Links to other mental disorders...?

Discussion in 'Younger people with dementia and their carers' started by jc141265, Jan 19, 2006.

  1. jc141265

    jc141265 Registered User

    Sep 16, 2005
    This is a spin off from a comment Zed made in
    This comment got me thinking, and wondering if Dad is different to others in the characteristics of his early onset dementia. In the 20 years leading up to Dad's diagnosis, he became increasingly obsessive compulsive. At the time we just put it down to Dad being Dad, he had to do his daily routine in the exact same order everyday and god forbid if anyone messed that up, had to have his cup of tea exactly right at the same times everyday, had to stir it in the same direction and tap his cup twice once finished stirring. If on an airplane he always had to pull out a magazine from the seat in front during take off even if he didn't read it. He could be decidely vicious with his words if anyone did something that interrupted his routine, it obviously upset him badly to have his routine spoilt.

    These days when we look back on it all and realise how we were all nervous wrecks trying to live by Dad's illogical rules for how things must be done we suspect that all of this behaviour was perhaps a lead up to the disease.

    I'd be interested to know if anyone else has experienced this kind of behaviour in their loved one prior to a dementia diagnosis. Perhaps it was his way with coping with early damage to his brain, a way to feel in control and a way to make life easier for his failing brain to cope??
  2. Brucie

    Brucie Registered User

    Jan 31, 2004
    near London
    Hi Nat, for once, I can't find a similarity with Jan's condition early on.

    One thing I did notice was an increasing lack of interest in news events, first in not reading papers ["too much bad news"] and later with TV as well, before she stopped reading or watching at all.
  3. jc141265

    jc141265 Registered User

    Sep 16, 2005
    Thanks for the reply Brucie I hope others will also reply in the negative or positive as well, a negative reply helps me try to understand Dad's disease as much as someone who can see suggest that either Dad is unusual, unique or that the other behaviours were not symptomatic of the oncoming dementia.

    As for the pre-official onset symptoms you noted about Jan, Dad also displayed these but only just prior to diagnosis.
  4. susie

    susie Registered User

    Nov 30, 2003
    Hello Nat
    My husband (62) has Alzheimer's and Pick's. He has always been one of those people who has to attack any new hobby 150%, being very precise about the clothes and obssesive about any new training regime as he was a fitness fanatic. He also suffered from depression off and on for years and manic depression runs in his family. Was all this a sign of threatening dementia?- I don't know but it has certainly hardened me up for what we are going through now, but it is still very hard. Now of course we have the routines that cannot be deviated from without a lot of hassle and tantrums and when the electrician came to wire the new boiler!!!!! someone interrupting his house and making a noise. I know my daughter worries sometimes about the possibility that she may develop Pick's but I think she is reasonablt level headed not to waste too much precious time worrying about the "What if".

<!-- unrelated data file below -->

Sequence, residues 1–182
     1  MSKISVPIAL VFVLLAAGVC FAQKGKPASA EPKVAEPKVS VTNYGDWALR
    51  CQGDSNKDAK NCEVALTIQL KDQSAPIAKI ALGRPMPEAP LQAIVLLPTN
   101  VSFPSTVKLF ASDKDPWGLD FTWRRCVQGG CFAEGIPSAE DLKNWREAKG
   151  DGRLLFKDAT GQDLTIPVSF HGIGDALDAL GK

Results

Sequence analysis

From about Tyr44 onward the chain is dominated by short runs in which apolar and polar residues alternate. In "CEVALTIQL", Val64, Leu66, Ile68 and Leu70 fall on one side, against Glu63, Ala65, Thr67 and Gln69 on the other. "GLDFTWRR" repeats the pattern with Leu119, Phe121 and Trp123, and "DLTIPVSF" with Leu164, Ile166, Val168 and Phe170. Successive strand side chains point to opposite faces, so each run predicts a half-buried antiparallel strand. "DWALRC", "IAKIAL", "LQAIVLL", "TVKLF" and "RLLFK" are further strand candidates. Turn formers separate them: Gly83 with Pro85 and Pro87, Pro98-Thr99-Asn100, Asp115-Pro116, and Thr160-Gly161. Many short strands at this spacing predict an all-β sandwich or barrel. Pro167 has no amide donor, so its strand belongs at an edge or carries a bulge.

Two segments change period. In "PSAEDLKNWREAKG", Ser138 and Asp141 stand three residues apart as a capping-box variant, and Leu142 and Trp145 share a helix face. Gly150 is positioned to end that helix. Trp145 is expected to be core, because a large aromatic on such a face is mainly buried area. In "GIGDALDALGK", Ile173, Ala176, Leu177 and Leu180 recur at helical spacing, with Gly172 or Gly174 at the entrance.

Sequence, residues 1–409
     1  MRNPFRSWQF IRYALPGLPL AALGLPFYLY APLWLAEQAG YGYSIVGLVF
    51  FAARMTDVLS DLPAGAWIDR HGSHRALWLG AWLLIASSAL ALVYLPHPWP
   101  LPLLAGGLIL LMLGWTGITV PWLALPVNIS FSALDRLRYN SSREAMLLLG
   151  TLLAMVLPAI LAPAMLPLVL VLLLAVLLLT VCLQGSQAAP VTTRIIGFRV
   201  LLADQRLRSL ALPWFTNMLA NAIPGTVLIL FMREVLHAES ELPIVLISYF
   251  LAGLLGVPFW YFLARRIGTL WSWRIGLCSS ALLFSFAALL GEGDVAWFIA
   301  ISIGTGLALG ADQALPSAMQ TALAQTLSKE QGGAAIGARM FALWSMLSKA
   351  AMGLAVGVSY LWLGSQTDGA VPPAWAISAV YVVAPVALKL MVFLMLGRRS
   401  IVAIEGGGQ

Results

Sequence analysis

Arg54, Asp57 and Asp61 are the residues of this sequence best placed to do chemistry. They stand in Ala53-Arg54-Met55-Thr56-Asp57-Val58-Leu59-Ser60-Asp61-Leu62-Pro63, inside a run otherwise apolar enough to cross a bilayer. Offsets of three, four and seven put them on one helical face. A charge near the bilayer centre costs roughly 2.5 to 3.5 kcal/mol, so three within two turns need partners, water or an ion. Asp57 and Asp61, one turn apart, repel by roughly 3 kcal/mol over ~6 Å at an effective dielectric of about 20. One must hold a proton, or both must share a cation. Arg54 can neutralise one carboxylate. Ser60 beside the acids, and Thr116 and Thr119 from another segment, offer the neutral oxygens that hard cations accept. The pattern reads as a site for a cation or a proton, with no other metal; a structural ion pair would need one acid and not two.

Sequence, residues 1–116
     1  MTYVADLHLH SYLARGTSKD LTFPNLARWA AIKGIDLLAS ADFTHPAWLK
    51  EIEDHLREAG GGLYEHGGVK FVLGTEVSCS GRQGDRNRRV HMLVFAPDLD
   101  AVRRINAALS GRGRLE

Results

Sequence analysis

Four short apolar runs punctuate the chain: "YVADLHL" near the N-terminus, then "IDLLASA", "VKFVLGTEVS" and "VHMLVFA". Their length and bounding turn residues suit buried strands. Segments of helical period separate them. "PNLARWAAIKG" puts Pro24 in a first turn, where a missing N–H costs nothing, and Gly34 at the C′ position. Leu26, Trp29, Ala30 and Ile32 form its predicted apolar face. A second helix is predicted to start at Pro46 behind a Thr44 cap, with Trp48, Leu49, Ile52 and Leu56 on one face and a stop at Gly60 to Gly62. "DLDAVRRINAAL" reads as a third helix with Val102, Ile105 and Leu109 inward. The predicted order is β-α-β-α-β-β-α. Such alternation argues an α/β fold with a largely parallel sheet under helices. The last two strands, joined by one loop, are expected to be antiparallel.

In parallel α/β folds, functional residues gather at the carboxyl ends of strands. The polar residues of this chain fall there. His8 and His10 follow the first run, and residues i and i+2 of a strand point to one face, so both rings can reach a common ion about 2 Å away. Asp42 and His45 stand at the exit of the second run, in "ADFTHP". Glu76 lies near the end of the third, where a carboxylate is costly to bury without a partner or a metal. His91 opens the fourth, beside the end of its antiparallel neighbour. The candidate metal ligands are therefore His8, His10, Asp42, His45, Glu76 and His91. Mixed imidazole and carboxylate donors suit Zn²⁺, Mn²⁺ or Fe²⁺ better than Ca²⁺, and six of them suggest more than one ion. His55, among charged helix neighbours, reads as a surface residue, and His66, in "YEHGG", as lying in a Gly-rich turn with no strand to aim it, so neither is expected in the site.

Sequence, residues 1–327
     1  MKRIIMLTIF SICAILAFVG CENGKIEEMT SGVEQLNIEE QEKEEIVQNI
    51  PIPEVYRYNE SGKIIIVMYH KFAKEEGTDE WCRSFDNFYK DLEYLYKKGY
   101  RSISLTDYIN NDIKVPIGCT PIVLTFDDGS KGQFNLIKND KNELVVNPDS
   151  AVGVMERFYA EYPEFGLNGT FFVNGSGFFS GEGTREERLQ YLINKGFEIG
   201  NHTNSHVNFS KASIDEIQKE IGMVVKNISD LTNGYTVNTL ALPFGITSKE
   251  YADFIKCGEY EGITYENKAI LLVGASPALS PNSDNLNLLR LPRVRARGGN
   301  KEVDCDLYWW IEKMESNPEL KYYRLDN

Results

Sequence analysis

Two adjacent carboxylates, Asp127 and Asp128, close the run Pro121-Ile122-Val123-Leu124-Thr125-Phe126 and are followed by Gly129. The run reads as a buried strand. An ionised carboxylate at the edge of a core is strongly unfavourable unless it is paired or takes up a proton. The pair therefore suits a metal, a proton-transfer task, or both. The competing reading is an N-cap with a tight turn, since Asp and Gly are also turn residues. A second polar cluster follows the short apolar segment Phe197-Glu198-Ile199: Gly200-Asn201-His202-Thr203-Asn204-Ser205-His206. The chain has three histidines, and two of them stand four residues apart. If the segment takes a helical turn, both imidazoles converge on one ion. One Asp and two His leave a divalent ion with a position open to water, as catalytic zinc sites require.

5. zed

    zed Registered User

    Jul 25, 2005
    As far as I know, there is no evidence linking different types of mental illness with dementia. Around 1 in 5 people will suffer from some kind of funtional mental illness at some point in their lives, such as Obsessive Compulsive Disorder or depression, so it is not unlikely that many of those 1 in 5 will also develop dementia, it is just a statistical liklihood.

    With my Mum (who was diagnosed with dementia aged 57) we certainly didn't notice any obesessive behaviour in the past, or now. It can be a symtom of the type of dementia she has, but she hasn't experienced it.

    However, Mum has always had problems with depression and anxiety, since long before I was born.

    Also, some of the symptoms of her dementia such as lack of empathy, inability to deal with practical matters such as her bills, are an extension of her personality anyway, so my sister and I really don't know her personality difficulties stop and the dementia starts.
  6. jc141265

    jc141265 Registered User

    Sep 16, 2005
    Thanks Zed and Susie for your replies, Susie your husband sounds a lot like Dad was and I guess thats why I am asking this question because I note a lot of manic depressive like behaviour in my own personality...but I guess its not a disorder until you can no longer manage both life and the mental problem. This tendency towards extremes and my father's own tendencies worry me, because I wonder sometimes if I am headed for the same fate. These days I don't worry so much however....the thing I notice about a lot of mental conditions (including dementia) is they worsen with stress, my stress levels have been dropping and so too I am finding my manic behaviours are alse receding.

    Zed, your comment about the 1 in 5 statistics was pure logic and helped me look at it all from another clearer perspective. Thanks for that, I may be just one in five like my Dad, but Dad was also unlucky enough to be 1 in 2000 in Australia to get early onset......I may just yet avoid that latter statistic. :rolleyes:

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